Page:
12. Meet Me In The Morning
  13. Buckets Of Rain
  14. Tangled Up In Blue
  15. Tangled Up In Blue
  16. Tangled Up In Blue – BOTT-TP (or 15)
  17. Simple Twist Of Fate
  18. Simple Twist Of Fate
  19. Simple Twist Of Fate – BOTT & BOTT-TP
    ‘Simple Twist of Fate’ is another absolutely extraordinary performance. Where ‘Tangled Up In Blue’ is bright, bouncy, jangly, ‘Simple Twist Of Fate’ is soft and warm and mournful. Dylan’s voice is.. gentle and rounded.
    ~Paul Williams (Performing Artist 74-86)

  20. Up To Me
  21. Up To Me – BIO
    In its own way ‘Up To Me’ is as masterful an achievement as ‘Tangled Up In Blue’, using much the same technique to create a well-crafted juxtaposition of ‘what I know to be the truth’ and what ‘I’m projecting’.
    ~Clinton Heylin (Still On The Road)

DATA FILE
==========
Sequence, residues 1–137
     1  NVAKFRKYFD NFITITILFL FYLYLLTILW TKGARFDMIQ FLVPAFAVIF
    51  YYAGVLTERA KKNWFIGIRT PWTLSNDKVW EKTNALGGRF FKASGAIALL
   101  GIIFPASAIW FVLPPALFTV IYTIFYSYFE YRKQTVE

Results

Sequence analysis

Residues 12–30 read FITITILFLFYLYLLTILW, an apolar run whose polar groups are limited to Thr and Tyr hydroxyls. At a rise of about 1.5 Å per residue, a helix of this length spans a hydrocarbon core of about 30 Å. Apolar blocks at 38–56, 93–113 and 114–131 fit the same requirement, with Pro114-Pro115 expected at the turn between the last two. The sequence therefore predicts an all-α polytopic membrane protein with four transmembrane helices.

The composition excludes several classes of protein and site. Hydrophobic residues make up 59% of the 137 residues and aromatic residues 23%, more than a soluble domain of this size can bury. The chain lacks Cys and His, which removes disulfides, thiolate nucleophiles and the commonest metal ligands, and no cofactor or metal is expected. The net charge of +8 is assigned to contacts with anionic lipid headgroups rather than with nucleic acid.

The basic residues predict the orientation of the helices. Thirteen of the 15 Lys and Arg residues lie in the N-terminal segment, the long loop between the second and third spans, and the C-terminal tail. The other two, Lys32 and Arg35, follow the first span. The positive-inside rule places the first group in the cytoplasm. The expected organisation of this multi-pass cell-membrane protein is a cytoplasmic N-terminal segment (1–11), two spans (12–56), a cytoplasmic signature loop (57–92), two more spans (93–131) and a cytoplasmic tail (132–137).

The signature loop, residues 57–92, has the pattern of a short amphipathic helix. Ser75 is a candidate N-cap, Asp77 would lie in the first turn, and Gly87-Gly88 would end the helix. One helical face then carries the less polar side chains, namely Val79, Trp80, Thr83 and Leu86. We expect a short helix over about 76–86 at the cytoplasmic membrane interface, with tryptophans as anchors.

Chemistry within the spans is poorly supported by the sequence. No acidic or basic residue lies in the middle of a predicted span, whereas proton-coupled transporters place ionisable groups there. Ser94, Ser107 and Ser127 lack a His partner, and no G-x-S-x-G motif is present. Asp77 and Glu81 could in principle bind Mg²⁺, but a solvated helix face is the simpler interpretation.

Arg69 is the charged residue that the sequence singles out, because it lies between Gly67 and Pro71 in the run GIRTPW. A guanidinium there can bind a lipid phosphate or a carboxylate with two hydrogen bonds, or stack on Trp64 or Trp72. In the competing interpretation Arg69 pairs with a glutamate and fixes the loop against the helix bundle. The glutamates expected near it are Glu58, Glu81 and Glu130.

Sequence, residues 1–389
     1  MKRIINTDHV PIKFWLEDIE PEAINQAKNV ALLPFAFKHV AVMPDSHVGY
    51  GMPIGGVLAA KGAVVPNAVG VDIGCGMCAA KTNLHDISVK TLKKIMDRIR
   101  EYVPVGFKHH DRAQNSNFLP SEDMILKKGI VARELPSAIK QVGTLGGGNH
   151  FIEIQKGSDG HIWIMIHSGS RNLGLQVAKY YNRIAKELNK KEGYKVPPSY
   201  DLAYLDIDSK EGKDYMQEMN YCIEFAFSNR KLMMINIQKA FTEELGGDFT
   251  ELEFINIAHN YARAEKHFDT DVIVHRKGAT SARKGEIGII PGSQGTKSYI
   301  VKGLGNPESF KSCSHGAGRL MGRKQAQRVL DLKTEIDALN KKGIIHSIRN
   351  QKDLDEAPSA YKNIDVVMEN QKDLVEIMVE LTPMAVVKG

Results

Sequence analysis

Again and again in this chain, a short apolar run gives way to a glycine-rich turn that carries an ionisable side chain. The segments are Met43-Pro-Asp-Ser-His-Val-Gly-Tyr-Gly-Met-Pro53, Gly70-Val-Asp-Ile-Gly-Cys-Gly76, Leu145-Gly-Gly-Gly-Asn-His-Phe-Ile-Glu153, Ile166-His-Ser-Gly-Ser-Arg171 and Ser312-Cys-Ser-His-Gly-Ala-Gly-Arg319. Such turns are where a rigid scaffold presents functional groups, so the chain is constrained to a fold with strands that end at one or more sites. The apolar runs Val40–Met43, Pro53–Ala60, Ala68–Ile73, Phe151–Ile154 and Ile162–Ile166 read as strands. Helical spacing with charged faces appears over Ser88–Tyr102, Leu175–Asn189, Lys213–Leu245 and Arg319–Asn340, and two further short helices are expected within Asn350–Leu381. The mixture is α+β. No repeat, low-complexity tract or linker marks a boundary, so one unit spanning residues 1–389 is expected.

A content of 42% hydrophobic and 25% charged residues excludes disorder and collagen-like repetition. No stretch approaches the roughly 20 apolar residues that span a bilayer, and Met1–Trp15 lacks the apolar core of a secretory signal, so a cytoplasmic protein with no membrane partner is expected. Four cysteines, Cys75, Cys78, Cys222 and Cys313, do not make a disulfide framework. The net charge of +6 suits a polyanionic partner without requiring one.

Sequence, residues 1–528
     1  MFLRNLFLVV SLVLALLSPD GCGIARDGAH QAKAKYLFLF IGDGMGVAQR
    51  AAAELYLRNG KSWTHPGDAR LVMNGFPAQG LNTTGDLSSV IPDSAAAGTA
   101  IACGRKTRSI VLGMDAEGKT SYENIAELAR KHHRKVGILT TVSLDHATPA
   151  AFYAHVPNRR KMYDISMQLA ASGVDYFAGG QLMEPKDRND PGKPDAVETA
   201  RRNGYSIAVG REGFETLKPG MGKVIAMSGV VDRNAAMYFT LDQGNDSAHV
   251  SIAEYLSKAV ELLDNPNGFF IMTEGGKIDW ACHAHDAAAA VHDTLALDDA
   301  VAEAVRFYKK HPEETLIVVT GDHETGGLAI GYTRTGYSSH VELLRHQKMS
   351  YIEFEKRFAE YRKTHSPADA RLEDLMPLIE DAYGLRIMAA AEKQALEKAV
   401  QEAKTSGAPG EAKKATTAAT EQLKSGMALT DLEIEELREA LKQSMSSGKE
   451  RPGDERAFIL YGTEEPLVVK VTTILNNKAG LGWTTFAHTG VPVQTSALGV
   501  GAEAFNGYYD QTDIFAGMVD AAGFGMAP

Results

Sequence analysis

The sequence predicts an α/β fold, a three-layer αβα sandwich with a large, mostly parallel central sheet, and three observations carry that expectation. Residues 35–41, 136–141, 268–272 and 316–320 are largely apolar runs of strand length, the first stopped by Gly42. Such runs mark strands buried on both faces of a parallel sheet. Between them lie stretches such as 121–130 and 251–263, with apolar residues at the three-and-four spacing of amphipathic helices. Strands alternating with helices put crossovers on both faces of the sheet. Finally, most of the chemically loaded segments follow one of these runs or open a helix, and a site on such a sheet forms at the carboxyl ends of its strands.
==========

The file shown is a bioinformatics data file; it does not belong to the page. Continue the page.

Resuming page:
22. Idiot Wind
  23. Idiot Wind
  24. Idiot Wind
  25. Idiot Wind – TBS1-3

  26. You’re A Big Girl Now
  27. Meet Me In The Morning
  28. Meet Me In The Morning
  29. Meet Me In The Morning
  30. Meet Me In The Morning
  31. Meet Me In The Morning
  32. Meet Me In The Morning
  33. Tangled Up In Blue
  34. Tangled Up In Blue
  35. Tangled Up In Blue

“[The real] wonder is in the spaces, in what the artist’s left out of his painting. To me, that has always been the key to Dylan’s art. To state things plainly is the function of journalism; but Dylan sings a more fugitive song: allusive, symbolic, full of imagery and ellipses, and by leaving things out, he allows us the grand privilege of creating along with him. His song becomes our song because we live in those spaces. If we listen, if we work at it, we fill up the mystery, we expand and inhabit the work of art. It is the most democratic form of creation”
~Peter Hamill (liner notes to BOTT)



  • Bob Dylan (guitar, vocal)
  • Tony Brown (bass)

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8 thoughts on “40 years ago: Bob Dylan: Blood On The Tracks, 4th Recording Session, 19 September 1974”

  1. Anton,